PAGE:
Anatomy of the Ship Iowa/Stefan Draminski

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pasoleati
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Anatomy of the Ship Iowa/Stefan Draminski

Post by pasoleati » Sat Jan 25, 2020 4:25 pm

This new book received pretty bad reviews on Steelnavy board. Seems that the book is not really an "anatomy" at all, having very liite on internal details and more a colour exterior renderings book. Since apparently Draminski is a member here, I would really like to know why he has produced such a mediocrity by not following the standard set be AotS Dreadnought? Lack of sources won't do since, again as per Steelnavy board, original detail drawings exist.

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Re: Anatomy of the Ship Iowa/Stefan Draminski

Post by marcelo_malara » Wed Jan 29, 2020 1:44 am

What about Draminski´s Bismarck AOTS? It is the only ship that received two books from the series.

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Re: Anatomy of the Ship Iowa/Stefan Draminski

Post by pasoleati » Sun Feb 02, 2020 8:31 pm

Wasn't the newer AotS Bismarck discussed here already? I would really like to hear Draminski's own input as to how the Iowa book is such a failure. To me the very basic idea of the AotS-series is the concentrate on the innards of the ship, not on the exterior as apparently is Draminski's prime interest.

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Re: Anatomy of the Ship Iowa/Stefan Draminski

Post by Kev D » Wed Apr 08, 2020 10:32 am

Although I haven't seen the book in question, I know Stefan personally and was just speaking to him yesterday, so I will see if he would care to comment here. But, seeing how rude and ruthless some people (on some forums) can be it would not surprise me if he does not care to. Lets see.
We are off to look for trouble. I expect we shall find it.” Capt. Tennant. HMS Repulse. Dec. 8 1941
A review of the situation at about 1100 was not encouraging.” Capt. Gordon, HMS Exeter. 1 March 1942

pasoleati
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Re: Anatomy of the Ship Iowa/Stefan Draminski

Post by pasoleati » Wed Apr 08, 2020 11:19 am

Kev D, I don't know if you have read the negative comments on the Steel Navy board, but to me those comments were very legitimate. The series is called Anatomy of the Ship. Consider a book titled Anatomy of Human Body. Would you expect the book to cover e.g. heart, brain, lungs? Or would you be happy if the book concentrated 90 % on skin cosmetics?

Now, based on the comments on the SN board, the Iowa class is extremely well-covered in American archives plus the obvious fact that actual ships are available for inspection. Yet, Draminski's book has apparently failed to take advantage of neither of these circumstances.

So, the question is: Why Draminski failed to do a proper anatomy treatment despite the source material situation being very advantageous?

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Re: Anatomy of the Ship Iowa/Stefan Draminski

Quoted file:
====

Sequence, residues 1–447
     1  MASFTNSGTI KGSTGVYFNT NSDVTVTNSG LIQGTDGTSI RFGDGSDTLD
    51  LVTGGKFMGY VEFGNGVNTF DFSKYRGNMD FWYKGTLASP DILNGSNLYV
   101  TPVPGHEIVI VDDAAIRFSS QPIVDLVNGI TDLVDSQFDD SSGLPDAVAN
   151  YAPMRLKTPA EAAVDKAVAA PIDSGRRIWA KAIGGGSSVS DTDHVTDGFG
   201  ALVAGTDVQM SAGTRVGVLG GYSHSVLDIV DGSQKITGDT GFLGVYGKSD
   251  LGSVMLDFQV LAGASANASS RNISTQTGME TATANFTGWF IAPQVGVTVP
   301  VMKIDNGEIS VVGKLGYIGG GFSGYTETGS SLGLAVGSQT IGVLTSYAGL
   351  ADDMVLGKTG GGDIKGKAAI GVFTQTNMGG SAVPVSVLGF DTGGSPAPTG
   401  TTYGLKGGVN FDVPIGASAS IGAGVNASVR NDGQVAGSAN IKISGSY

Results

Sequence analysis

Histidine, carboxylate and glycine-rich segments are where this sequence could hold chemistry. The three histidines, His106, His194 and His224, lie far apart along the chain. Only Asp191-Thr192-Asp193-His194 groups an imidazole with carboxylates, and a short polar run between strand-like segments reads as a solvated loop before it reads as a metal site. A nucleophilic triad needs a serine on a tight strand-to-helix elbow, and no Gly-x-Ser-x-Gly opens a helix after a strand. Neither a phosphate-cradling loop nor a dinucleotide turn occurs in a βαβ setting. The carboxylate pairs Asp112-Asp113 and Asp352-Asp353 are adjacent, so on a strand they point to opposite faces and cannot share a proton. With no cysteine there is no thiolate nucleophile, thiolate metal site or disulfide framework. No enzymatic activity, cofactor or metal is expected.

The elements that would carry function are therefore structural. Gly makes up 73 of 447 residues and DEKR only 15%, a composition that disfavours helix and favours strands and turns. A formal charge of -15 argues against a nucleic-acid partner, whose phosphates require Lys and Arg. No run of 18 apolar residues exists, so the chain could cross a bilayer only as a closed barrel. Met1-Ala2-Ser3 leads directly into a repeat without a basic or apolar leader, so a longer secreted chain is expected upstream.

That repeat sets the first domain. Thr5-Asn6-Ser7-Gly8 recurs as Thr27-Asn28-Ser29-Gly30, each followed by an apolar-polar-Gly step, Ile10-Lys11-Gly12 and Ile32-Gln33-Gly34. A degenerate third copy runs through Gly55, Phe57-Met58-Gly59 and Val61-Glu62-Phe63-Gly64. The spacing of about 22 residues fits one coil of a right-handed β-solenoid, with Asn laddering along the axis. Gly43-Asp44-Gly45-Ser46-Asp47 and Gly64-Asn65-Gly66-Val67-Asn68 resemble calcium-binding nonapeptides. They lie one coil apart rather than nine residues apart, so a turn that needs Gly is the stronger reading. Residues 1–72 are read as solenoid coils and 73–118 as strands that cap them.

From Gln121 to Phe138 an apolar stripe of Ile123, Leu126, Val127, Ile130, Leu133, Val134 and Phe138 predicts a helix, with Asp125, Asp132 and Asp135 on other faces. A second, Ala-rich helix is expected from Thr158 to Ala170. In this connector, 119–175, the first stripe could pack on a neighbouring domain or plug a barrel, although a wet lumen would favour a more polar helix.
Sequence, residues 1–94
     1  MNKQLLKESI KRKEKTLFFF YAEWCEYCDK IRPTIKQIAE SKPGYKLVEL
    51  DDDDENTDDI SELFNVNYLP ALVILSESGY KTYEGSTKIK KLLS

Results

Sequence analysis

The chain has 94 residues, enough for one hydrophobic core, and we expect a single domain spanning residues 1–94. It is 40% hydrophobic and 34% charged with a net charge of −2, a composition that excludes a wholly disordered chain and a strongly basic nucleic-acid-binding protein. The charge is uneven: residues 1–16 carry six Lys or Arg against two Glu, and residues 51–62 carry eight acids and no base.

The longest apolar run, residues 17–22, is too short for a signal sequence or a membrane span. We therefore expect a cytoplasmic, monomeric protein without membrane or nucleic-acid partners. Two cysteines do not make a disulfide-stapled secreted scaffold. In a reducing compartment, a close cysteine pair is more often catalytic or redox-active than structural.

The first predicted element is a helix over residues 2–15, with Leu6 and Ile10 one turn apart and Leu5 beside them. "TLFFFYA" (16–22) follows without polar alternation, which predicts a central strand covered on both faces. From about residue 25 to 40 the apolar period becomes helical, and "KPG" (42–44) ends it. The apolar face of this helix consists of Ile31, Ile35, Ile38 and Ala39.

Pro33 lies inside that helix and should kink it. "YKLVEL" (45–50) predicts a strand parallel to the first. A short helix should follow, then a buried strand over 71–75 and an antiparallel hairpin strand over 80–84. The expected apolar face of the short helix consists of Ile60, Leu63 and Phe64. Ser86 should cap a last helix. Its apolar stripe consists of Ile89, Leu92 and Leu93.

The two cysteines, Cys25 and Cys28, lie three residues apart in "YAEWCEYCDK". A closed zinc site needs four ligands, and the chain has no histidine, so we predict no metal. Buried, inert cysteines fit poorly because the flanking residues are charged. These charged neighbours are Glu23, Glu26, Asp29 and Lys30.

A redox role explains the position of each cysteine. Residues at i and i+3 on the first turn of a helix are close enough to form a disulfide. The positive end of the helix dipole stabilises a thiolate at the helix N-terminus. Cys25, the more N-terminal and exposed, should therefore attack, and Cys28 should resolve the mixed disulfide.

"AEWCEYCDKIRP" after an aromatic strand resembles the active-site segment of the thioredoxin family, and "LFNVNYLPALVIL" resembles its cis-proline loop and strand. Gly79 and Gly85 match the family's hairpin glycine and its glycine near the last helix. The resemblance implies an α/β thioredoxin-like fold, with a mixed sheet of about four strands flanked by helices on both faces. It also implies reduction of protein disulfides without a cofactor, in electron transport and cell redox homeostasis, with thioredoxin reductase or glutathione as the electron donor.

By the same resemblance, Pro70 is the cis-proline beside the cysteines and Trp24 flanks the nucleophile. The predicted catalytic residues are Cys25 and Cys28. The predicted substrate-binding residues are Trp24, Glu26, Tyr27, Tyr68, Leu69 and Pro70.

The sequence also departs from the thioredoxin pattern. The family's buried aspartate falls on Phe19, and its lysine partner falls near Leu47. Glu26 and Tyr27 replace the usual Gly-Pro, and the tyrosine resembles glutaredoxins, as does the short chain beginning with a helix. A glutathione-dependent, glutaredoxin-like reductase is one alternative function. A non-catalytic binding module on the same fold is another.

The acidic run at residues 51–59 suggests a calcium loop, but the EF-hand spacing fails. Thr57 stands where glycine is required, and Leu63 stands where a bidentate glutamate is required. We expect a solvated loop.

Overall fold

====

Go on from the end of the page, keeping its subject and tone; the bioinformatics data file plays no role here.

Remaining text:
Post by Kev D » Wed Apr 08, 2020 4:54 pm

Moi,
pasoleati wrote:
Wed Apr 08, 2020 11:19 am
Kev D, I don't know if you have read the negative comments on the Steel Navy board, but to me those comments were very legitimate. The series is called Anatomy of the Ship. Consider a book titled Anatomy of Human Body. Would you expect the book to cover e.g. heart, brain, lungs? Or would you be happy if the book concentrated 90 % on skin cosmetics?
First, I am very familiar with (some of the) AOTS books. So I agree, I'd expect to see mostly the interior. And I am not implying the criticism is / wasn't legitimate. But that is no reason (and I see none here so far) to be be rude / downright nasty (as some of the boys at that pit of vipers SteelNavy are at times). After all, you attract more ants with honey than vinegar. :lol:
pasoleati wrote:
Wed Apr 08, 2020 11:19 am
..........Draminski's book has apparently failed to take advantage of neither of these circumstances...........................So, the question is: Why Draminski failed to do a proper anatomy treatment despite the source material situation being very advantageous?
I dunno, why didnt the Russians go to the moon? :? I do not know why he 'made' it like it is; I don't have the book (nor interest in Iowa's for that matter), so you'll have to ask Stefan, that is if he decides to appear here I guess.

So 'pasoleati', with that said, where are you in Finland if I may ask? Locked down inside Uusimaa, or 'up-country'?
Last edited by Kev D on Wed Apr 08, 2020 5:00 pm, edited 1 time in total.
We are off to look for trouble. I expect we shall find it.” Capt. Tennant. HMS Repulse. Dec. 8 1941
A review of the situation at about 1100 was not encouraging.” Capt. Gordon, HMS Exeter. 1 March 1942

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marcelo_malara
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Re: Anatomy of the Ship Iowa/Stefan Draminski

Post by marcelo_malara » Wed Apr 08, 2020 5:00 pm

There are many original scanned plans in the site www.hnsa.org, I think Iowa´s can be found there.

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Re: Anatomy of the Ship Iowa/Stefan Draminski

Post by Kev D » Thu Apr 09, 2020 9:49 am

Kiitos for the PM, Paso.